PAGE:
It seems that the West, and some Indians too, have fallen hook, line and sinker for Slumdog Millionaire, while I, and some other Indians find the film to be middling. Honestly, the only reason I forced myself to sit through the entire film was because of the acclaim its been getting abroad. This article is just a repost of what I posted on Rushmore’s top 100 movies article. Note: I’m no movie critic, rather I’m quite unschooled when it comes to movies.
I’m Indian, and I don’t dislike SM, but I find it to be average. I’ve seen enough Bollywood films to be slightly jaded by the melodramatic, requiring-suspension-of-belief plot set midst the poverty and the gangsters. It simply adapts Bollywood formulas for a western audience. If you want to see a piece of true Indian genius, watch the Apu Trilogy by Satyajit Ray, the first movie especially. It easily surpasses SM in its eloquent depiction of poverty. SM has covered ground that has been covered before. Hasn’t the misery of India’s poor been talked about enough?
In SM we see Jamal being tortured by policemen and given shocks, his mother killed by Hindus in riots, him eking out an existence at a huge garbage dump living under a tent, gangsters masquerading as running an adoption center picking up vulnerable children and forcing them to beg, blinding them and selling them into prostitution, the elder brother getting into a life of crime, getting drunk on power….I find this potrayal of India rather negative and worn. Talking about poverty and India is old. I’m not “denying” the fact that India has another face to it, I’m saying that has been talked about enough.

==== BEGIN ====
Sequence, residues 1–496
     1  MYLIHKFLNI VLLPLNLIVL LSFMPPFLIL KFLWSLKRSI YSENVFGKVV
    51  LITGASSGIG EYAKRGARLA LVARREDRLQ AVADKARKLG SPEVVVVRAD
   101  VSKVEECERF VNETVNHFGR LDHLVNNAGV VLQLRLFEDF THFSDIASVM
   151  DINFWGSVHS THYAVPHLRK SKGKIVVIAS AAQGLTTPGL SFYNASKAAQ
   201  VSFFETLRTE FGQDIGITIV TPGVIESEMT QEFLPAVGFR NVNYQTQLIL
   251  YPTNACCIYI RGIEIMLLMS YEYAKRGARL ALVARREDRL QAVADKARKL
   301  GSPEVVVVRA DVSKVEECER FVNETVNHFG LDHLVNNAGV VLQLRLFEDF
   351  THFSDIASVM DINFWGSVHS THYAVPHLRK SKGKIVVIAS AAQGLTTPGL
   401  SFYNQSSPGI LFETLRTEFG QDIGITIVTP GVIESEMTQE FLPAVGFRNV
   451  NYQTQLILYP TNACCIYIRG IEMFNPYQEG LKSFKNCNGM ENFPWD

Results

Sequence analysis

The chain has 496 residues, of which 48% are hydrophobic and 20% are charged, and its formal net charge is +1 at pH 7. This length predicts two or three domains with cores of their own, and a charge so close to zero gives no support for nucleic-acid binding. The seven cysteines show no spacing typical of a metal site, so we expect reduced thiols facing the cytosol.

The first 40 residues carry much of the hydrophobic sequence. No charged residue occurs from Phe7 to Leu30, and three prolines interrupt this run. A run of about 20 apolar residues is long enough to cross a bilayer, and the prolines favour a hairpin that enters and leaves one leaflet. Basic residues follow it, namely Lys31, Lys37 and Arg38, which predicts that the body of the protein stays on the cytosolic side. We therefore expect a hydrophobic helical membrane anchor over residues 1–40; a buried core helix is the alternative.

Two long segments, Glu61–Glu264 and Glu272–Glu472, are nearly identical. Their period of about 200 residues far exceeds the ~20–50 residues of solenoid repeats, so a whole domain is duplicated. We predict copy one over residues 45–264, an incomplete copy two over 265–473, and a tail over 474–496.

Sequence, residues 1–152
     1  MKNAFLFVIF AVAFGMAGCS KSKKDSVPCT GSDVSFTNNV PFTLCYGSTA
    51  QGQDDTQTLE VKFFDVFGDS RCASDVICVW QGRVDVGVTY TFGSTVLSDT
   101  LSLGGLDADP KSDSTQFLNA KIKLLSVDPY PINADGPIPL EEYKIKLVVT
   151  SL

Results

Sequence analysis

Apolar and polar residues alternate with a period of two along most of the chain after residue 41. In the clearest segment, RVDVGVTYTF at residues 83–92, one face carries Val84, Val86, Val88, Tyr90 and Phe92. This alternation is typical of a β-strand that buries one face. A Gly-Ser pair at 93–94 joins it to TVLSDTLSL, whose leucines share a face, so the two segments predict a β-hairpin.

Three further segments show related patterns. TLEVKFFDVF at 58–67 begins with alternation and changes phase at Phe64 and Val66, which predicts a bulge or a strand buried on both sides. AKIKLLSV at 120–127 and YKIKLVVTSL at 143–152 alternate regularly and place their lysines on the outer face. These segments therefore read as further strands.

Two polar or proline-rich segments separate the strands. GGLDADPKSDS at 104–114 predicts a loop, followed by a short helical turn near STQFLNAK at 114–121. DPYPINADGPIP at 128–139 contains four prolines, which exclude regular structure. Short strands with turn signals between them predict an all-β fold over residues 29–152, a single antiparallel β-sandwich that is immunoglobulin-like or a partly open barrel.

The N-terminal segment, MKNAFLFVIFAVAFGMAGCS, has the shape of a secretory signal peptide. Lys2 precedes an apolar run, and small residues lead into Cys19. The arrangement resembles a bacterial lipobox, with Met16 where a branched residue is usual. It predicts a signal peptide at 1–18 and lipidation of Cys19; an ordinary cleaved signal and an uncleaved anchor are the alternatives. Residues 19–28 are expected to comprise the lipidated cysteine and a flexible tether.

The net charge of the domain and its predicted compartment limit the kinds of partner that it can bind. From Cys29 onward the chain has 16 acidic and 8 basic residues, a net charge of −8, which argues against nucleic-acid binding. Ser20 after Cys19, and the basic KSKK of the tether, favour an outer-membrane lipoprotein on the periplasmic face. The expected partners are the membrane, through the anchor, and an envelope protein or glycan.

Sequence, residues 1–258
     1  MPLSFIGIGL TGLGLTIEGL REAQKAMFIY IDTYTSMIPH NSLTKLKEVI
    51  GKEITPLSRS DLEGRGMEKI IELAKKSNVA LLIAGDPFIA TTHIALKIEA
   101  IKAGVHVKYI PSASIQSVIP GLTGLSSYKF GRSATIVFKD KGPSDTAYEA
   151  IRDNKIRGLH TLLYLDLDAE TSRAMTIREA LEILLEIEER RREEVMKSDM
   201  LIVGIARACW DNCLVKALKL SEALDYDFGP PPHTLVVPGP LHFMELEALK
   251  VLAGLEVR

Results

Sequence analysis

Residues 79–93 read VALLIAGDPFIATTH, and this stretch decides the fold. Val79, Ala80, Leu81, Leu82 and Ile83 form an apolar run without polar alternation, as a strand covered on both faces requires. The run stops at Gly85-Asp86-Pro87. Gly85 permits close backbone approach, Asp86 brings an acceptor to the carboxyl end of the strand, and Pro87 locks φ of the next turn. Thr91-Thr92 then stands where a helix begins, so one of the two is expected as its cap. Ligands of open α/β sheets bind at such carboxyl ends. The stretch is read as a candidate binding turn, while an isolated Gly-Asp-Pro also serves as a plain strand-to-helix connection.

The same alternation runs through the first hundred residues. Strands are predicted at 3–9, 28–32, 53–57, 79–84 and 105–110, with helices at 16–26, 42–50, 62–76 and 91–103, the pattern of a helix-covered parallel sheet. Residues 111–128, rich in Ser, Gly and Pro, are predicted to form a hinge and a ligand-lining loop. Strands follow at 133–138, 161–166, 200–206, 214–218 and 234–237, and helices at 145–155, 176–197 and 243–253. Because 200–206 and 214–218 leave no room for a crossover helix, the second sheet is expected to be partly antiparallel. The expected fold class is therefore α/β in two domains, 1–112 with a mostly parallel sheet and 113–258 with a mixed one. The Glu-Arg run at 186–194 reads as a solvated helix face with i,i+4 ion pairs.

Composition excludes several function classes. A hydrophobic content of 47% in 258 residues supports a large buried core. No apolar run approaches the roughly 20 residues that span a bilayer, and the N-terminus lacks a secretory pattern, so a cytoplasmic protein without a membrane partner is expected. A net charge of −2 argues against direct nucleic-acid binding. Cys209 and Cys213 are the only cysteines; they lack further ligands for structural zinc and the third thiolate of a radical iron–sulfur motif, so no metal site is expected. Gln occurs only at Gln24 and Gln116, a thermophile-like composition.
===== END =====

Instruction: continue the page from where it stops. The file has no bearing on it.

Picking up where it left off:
Yeah, it sure does have some positive, fun parts like Jamal and Salim making money by being tour guides and this and that, and Jamal ends up being a chai-wallah and then he wins the game show. But is the story or even just the last bit plausible?
The film was melodramatic, and uses Bollywood formulas to tug at heart strings. Look at all these emotional, crazy twists and turns in the plot, like Jamal finding the love of his life, his brother Salim doing one last good deed, and her falling into his arms at the end of the film. The whole good things-bad things twists and turns is, atleast I feel, a sort of formula. Also, for Indians the slums and the life there is nothing new, but for the West its novel.
This is minor, but it feels rather weird, when the film suddenly shifts from Hindi to English. Hearing perfect English from Jamal and Salim feels odd. I also dislike the title. What has “slum” got to do with “dog”?
My point is, the film is ok, its average, but whatever it is, it definitely does not deserve the attention and awards it has garnered.